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Storytelling, Tropes, And Feels

Storytelling, Tropes, And Feels
  • On June 8, 2016

“Person of Interest” spoilers ahead…

From her introduction in the first season till her death on last week’s episode, Root from “Person of Interest” was one of my favorite characters on television. She had a wonderful arc—Amy Acker is absolutely stellar in the role—evolving from chaotic hacker antagonist to hero over the course of the five seasons. She was troubled, charismatic, brilliant, and a little trigger happy. It was hard not to enjoy her plots and plans, especially once her role as analog interface to The Machine (the artificial intelligence that is central to the premise of the show) was established. For other characters, The Machine was a tool. For Root, it was a higher calling; almost a religion.

It didn’t hurt that Root was totally into—and eventually involved with—the other killer lady on the show, Sameen Shaw, but Root won me over before she met Shaw. And, while her relationship with Shaw might have been my favorite—I may yet devote a post to them—Root’s relationships with the show’s other characters also evolved over time. This is especially true of her relationship with the creator of The Machine, Harold Finch.

Root and Harold had a particularly contentious beginning (she kidnapped him and made him watch her torture a man, you know, like friends do) and it took a long time for them to actually start working together instead of against each other. It took them much longer to actually like each other—so the fact she died saving her now friend Harold was a fitting, amazing, heroic, awesome end to her character; and while the details remain unclear, it seems Root will kind of live on after a fashion, as the artificial intelligence has taken on her persona. As Acker herself pointed out in a tweet, this was always kind of Root’s dream: transcendence, to be one with The Machine.

However, even though Root’s death hit all the marks for a worthwhile, satisfying character death in general, it also fits the “Bury Your Gays” trope. As a gay consumer, “Bury Your Gays” has ticked me off to no end for years now, and because of it I find myself feeling rather torn over Root’s death. (This freaking article has been in various states of draft for hours now while I tried to figure out my feelings on this.) How do I deal with both my appreciation for the story and my anger that yet another gay character is dead? It’s a vicious combination of fangirl sadness and rage that not even a pint of Ben and Jerry’s could temper.

I spoke briefly with an acquaintance of mine after the show aired. He said, “If this wasn’t such a rough year for the trope, I’d have been slightly more okay with it.” I agree. I know these shows were written months ago, and that no one was running between networks checking on a gay body count, but the fact that so many different shows managed to hit “Bury Your Gays” this season, to the point where it felt like it flooded the market is hugely problematic. “The 100” is the most prominent example in my mind; I never watched the show, but, boy, did I hear about it between social media and friends. That said, lesbian characters also died on “The Walking Dead,” “The Magicians,” “Empire,” and “Blindspot,” to name a few of the shows that contributed to a total of 15 lesbian deaths in 2016 so far. (my numbers are based off of Autostraddle’s dead lesbian list). Well, now it’s 16; Root hadn’t been added when I referenced the site for this article. Did “Person of Interest” get the shaft because Root’s story came to a close at a time when their audience had been saturated with gay character death for months? Yes. Is it still fair to lump them in with the general criticism over the use of the trope? Yes.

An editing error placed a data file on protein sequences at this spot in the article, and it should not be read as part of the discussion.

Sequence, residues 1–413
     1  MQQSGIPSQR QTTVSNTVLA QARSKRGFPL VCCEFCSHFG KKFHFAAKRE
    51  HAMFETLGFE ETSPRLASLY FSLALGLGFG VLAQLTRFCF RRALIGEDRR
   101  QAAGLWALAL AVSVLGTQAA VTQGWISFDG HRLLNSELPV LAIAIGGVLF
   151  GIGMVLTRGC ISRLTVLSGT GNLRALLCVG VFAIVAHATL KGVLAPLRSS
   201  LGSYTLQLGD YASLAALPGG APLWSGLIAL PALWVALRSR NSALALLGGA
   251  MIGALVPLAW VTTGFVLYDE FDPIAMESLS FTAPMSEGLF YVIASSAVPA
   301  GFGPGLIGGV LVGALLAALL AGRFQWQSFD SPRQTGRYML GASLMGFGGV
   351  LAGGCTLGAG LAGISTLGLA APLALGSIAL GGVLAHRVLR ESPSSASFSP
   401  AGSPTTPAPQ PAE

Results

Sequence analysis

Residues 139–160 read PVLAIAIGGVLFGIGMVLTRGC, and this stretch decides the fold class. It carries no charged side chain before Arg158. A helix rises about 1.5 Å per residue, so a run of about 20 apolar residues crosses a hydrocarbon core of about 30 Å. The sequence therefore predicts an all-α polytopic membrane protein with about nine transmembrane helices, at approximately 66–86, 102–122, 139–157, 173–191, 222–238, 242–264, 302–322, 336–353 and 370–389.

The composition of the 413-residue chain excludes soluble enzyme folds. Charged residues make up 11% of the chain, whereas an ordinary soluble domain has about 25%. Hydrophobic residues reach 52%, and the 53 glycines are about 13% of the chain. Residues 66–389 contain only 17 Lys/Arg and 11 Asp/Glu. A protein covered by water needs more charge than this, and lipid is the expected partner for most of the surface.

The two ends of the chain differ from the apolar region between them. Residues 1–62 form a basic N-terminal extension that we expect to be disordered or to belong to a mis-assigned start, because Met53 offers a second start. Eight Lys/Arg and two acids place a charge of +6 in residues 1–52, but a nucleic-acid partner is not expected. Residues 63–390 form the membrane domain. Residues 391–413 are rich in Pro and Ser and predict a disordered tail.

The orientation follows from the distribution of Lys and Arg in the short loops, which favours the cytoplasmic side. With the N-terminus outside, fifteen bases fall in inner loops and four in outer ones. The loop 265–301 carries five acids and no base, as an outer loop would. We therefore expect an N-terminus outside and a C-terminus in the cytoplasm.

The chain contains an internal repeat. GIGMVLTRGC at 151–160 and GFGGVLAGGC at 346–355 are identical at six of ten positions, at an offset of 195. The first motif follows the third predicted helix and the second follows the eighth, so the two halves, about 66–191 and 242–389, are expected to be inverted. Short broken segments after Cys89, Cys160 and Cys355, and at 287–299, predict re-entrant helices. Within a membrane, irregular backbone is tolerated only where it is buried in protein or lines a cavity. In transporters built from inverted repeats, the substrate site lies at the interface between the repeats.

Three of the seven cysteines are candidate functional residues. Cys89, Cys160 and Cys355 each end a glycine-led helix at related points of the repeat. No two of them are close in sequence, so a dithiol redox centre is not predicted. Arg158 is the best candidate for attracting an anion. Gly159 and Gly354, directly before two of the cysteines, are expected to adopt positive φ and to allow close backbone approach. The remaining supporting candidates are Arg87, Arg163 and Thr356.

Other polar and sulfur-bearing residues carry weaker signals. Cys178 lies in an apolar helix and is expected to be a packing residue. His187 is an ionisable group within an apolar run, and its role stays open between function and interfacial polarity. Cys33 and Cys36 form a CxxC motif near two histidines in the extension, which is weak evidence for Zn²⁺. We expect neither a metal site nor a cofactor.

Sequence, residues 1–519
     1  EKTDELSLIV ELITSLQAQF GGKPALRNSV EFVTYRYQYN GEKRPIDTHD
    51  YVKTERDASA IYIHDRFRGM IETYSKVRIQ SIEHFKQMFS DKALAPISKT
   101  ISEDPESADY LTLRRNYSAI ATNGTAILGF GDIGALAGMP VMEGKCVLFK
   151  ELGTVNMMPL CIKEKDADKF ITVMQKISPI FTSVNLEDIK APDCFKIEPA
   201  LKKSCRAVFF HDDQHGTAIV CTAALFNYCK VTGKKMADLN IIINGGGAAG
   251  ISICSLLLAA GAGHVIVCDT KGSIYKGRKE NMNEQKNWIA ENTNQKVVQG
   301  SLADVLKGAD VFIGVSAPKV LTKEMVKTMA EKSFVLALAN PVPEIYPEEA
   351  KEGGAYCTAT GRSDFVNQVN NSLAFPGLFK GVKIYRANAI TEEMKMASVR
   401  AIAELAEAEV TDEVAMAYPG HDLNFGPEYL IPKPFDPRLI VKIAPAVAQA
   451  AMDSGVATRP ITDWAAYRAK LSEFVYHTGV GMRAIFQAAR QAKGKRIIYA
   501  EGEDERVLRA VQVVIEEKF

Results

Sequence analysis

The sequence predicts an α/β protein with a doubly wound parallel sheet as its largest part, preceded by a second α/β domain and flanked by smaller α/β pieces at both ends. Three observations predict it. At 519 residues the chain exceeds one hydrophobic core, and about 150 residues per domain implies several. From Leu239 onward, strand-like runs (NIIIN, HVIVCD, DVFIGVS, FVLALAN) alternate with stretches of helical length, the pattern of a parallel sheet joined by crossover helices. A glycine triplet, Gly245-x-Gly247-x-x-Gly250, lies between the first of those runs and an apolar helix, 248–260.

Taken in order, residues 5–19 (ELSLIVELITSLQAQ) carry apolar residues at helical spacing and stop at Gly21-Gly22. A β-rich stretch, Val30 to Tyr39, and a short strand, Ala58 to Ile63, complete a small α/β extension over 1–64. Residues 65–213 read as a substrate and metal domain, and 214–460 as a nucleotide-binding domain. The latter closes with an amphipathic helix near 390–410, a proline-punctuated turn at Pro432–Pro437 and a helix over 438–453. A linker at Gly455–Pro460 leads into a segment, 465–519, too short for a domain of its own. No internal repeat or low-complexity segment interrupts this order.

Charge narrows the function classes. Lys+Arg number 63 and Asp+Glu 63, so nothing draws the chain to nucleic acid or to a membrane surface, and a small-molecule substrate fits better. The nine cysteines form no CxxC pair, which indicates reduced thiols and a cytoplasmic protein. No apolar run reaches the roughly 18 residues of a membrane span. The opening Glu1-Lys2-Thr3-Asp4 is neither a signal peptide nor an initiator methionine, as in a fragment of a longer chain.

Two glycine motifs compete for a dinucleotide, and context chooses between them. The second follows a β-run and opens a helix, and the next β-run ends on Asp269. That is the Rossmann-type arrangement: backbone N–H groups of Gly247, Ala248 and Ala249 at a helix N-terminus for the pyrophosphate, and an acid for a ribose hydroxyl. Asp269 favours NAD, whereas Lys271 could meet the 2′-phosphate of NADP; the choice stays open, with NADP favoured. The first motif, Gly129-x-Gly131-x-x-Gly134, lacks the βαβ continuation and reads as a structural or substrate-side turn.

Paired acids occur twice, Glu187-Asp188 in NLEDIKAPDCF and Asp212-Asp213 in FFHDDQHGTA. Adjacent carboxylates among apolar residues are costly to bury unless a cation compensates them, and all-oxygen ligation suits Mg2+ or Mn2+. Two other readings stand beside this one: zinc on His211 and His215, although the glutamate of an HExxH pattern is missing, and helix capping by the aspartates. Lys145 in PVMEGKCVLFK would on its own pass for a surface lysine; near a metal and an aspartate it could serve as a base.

It’s not because I think the creators (or anyone involved with production) are bad people, bad writers, monsters, homophobic assholes, or any of that. I read a couple interviews with the creators responding to Root’s death; they loved this character, and they wanted to do right by her. (They certainly did, in my opinion.) They also wanted to do right by the show and the fans in their treatment of the relationship between Root and Shaw–which I’d argue they were successful in overall—but how many other shows in 2016 tried to tell the best story possible while still killing off gay characters? Too many.

While I’m not going to tell creators what they should write, I will say that they really need to work on their awareness with respect to representation when they’re when they’re creating characters and when they’re marking them for death. I’m hoping the discussion which opened up over the last few months about killing gay characters carries over into planning sessions for the upcoming television season, because here’s the thing: I want to live in a world where a sacrifice like Root’s was simply an awesome character arc and not a pain point with respect to representation.

There needs to be some balance here. Balance, not avoidance. After all, why can’t a gay woman be the hero and sacrifice her life to save the day? But when character death is more of a norm than a rarity, it starts to cheapen the intended impact of the death. When it seems only the gay characters are dying, creators alienate fans who just want to see themselves reflected in the things they love. I don’t know where that balance is—I think this is an area where more diversity in terms of characters would help—but I’m confident that, with a little effort, writers can find it.

I love Root; I’ll miss her, and I’m excited to see how the remaining episodes play out in terms of an artificial intelligence taking on her persona. Maybe in time I’ll be able to reflect on the story differently, without the shadow of an all too frequently used trope looming over it. Today’s not that day, though.


Damn it. I need more ice cream.


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